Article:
Things to do nearby East Cleabarrow
East Cleabarrow is in a delightful rural location yet within easy reach of the hustle, bustle and attractions of Bowness and Windermere. The popular Dales Way long distance path passes close by and makes an easy walk of just over a mile down into Bowness. There is also a quiet byway down into Windermere with footpaths off to School Knott, a delightful fell in miniature with rocky outcrops, views over Windermere and even a little tarn. Gilpin Lodge, offering fine dining, is less than two miles away and can be reached via footpaths or quiet lanes as well as by car. Golfers will be pleased to see that Windermere Golf Club is just over the road. You can even meet Peter Rabbit at the World of Beatrix Potter where fans can visit her home at Hill Top just across the lake.
Bowness-on-Windermere is one of the most popular destinations in the Lake District, and it’s not hard to see why! Set on the shores of Windermere, England’s largest natural lake, and boasting stunning scenery and plenty to do, it has something on offer for everyone.
Why not take a trip on the Steamer around Lake Windermere, where you can hop off and then back on again exploring different parts of the shoreline. At Backbarrow the Lakeland Motor Museum is a must-see for motor enthusiasts and anyone else! Whether it’s nostalgia-inducing pedal cars, a replica of Donald Cambell’s Bluebird, or the best classic cars, you’ll be surprised at what you’ll find! Alternatively, the pier of Lakeside is home to the Lakes Aquarium, where you can visit fish, frogs, tortoises, ducks and much more, and the Haverthwaite Steam Railway, which will take you on a trip to a bygone era.
If you don’t fancy sitting back on a Steamer, you can ‘do it yourself’ and hire some rowing boats, a self drive motor boat, canoes or a sailing boat. If you’d like to learn how to sail there are several places offering courses.
If you read the books of Beatrix Potter as a child, then take a trip to The World of Beatrix Potter and find out more about all your favourite characters – Peter Rabbit, Jemima Puddleduck, the Two Bad Mice – they’re all in there! If you’re visiting in summer, don’t forget to catch the wonderful musical retelling of some of the author’s best-loved stories. Or, explore a faithful recreation of Mr McGregor’s garden! You can top it all off with a visit to the tasty café.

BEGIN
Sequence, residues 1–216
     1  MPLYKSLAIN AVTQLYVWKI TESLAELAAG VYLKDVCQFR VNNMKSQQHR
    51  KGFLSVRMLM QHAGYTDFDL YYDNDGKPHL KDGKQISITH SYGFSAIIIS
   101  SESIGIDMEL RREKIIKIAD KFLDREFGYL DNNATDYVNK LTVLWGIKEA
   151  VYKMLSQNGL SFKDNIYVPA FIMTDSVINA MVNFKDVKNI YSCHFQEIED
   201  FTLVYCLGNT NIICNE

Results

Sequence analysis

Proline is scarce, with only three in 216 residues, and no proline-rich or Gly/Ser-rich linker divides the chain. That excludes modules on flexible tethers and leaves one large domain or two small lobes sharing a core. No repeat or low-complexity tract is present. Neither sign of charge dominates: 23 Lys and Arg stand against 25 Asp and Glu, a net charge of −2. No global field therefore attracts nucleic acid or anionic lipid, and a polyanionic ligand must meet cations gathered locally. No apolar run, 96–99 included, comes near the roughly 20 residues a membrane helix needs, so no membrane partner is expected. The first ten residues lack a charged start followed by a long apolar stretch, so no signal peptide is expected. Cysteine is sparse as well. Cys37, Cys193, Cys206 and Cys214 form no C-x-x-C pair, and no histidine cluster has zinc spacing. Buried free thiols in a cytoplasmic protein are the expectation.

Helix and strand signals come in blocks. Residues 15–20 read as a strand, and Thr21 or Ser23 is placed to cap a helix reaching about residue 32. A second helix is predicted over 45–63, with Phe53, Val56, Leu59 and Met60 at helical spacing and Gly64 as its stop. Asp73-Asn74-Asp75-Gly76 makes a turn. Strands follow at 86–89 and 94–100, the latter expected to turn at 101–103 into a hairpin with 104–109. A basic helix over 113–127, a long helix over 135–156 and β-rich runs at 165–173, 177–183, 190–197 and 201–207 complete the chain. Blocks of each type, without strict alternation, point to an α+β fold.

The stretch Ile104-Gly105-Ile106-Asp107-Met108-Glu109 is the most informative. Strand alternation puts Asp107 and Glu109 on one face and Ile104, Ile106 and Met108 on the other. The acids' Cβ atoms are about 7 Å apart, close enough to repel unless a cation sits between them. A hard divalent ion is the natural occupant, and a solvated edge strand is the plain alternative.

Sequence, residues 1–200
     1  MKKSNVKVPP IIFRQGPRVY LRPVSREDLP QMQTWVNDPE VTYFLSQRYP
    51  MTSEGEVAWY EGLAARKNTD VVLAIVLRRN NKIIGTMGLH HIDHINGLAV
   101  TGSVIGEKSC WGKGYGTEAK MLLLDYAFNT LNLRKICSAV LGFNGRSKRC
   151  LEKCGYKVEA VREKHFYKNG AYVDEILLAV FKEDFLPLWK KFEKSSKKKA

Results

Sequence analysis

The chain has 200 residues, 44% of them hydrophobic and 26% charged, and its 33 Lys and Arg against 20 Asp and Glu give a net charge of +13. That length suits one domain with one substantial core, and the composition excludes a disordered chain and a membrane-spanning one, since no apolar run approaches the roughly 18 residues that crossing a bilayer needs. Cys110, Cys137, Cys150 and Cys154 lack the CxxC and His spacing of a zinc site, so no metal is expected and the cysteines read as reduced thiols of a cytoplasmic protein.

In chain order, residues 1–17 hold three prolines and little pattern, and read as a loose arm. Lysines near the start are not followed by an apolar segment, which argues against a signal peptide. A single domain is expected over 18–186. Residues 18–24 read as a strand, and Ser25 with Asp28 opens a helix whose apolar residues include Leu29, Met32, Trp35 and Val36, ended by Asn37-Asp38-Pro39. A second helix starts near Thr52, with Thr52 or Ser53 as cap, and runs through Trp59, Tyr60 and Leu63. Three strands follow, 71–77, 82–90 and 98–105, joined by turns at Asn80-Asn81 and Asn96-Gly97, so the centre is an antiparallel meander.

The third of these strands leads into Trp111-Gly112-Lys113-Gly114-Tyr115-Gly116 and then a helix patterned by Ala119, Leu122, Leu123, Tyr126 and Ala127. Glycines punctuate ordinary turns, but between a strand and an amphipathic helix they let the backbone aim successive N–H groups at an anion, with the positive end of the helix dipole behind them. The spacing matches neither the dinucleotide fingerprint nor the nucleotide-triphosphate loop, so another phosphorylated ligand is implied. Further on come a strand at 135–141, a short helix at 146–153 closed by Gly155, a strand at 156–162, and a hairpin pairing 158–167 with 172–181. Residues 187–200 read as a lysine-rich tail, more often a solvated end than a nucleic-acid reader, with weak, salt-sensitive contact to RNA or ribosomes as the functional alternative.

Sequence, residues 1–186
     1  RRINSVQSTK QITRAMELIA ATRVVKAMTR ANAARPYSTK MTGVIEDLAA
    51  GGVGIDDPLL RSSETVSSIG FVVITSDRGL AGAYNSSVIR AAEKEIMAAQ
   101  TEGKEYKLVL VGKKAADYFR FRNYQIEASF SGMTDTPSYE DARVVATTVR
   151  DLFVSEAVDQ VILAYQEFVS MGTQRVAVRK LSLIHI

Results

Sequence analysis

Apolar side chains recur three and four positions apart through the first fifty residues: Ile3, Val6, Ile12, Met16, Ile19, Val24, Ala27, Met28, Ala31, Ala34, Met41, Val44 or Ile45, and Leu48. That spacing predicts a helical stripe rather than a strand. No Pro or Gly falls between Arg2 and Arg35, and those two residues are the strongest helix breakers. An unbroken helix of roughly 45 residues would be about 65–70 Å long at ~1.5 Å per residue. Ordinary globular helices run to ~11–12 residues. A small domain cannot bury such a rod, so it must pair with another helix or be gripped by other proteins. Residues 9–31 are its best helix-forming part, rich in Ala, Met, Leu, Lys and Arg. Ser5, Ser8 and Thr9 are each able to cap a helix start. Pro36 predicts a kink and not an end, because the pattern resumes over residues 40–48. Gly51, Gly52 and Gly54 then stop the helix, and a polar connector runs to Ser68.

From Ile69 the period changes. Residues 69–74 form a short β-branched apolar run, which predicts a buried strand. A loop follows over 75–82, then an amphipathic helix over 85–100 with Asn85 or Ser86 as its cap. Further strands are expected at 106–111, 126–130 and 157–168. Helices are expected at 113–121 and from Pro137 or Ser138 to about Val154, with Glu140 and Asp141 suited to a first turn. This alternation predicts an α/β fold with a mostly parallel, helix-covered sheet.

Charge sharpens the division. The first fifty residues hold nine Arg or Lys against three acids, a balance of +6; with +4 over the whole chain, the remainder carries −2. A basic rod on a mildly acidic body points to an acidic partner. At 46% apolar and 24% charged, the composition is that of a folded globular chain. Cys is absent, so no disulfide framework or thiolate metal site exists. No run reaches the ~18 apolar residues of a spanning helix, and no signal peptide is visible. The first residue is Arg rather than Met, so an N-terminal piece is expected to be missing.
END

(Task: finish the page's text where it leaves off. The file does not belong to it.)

For something a little different, take a car ferry over the lake to Hawkshead, one of the Lake District’s prettiest villages. No cars are allowed in the village itself (although there is a large car park on the outskirts) and it is full of whitewashed houses, little cafés, and walks leading off in all directions.
Close to Hawkshead, at Near Sawrey is Hill Top House, Beatrix Potter’s 17th century farmhouse. With the fire lit and all her knick-knacks scattered around, it’s as though she beloved author and conservationist has just stepped outside for a walk!
Back across the lake, Blackwell’s Arts and Crafts House is an inspirational visit and retains many of its original features – leaf shaped door handles, fireplace inglenooks, and carved wood panelling. Other stately homes nearby include Sizergh, Levens Hall and Holker Hall. All are well worth a visit.
There are hundreds of walks in the area, too. You can enjoy low level walks near the lake or go up onto the high fells. A favourite is up to Orrest Head, which takes you through woodland before you get to the summit, a rocky knoll with fantastic views over to Windermere and the Coniston fells beyond. This is an easy fell to ‘conquer’ and it was here that Wainwright first discovered the Lake District.
Ambleside is another lovely town to visit and is just a 15-minute drive from Bowness. Here you will find more shops, restaurants, a cinema, and little nooks and crannies of interest. There is pitch and putt , a climbing wal,l and the 17th century Bridge House, which must be one of the most photographed houses in the Lake District!
Just beyond Ambleside is Rydal Water and Grasmere, both small lakes with beautiful scenery and walks. Just above Rydal Water you will find Rydal Cave with stepping stones leading through a shallow lake (complete with fish!) into the belly of the cave. Though man-made as a result of local quarrying, it is nonetheless impressive and well-worth a visit.
William Wordsworth is buried in Grasmere alongside his family; he once lived in the village at Dove Cottage, which is now a museum. He later moved to Rydal Mount, just a short distance away, also a museum with lovely gardens to explore. Grasmere itself is also famous for it’s delicious Grasmere Gingerbread - you can buy some of the beloved treat, made to the original Victorian recipe, in a tiny little shop in the centre of the village. Beware, though, the delicious smell will draw you in even if you just planed on passing by!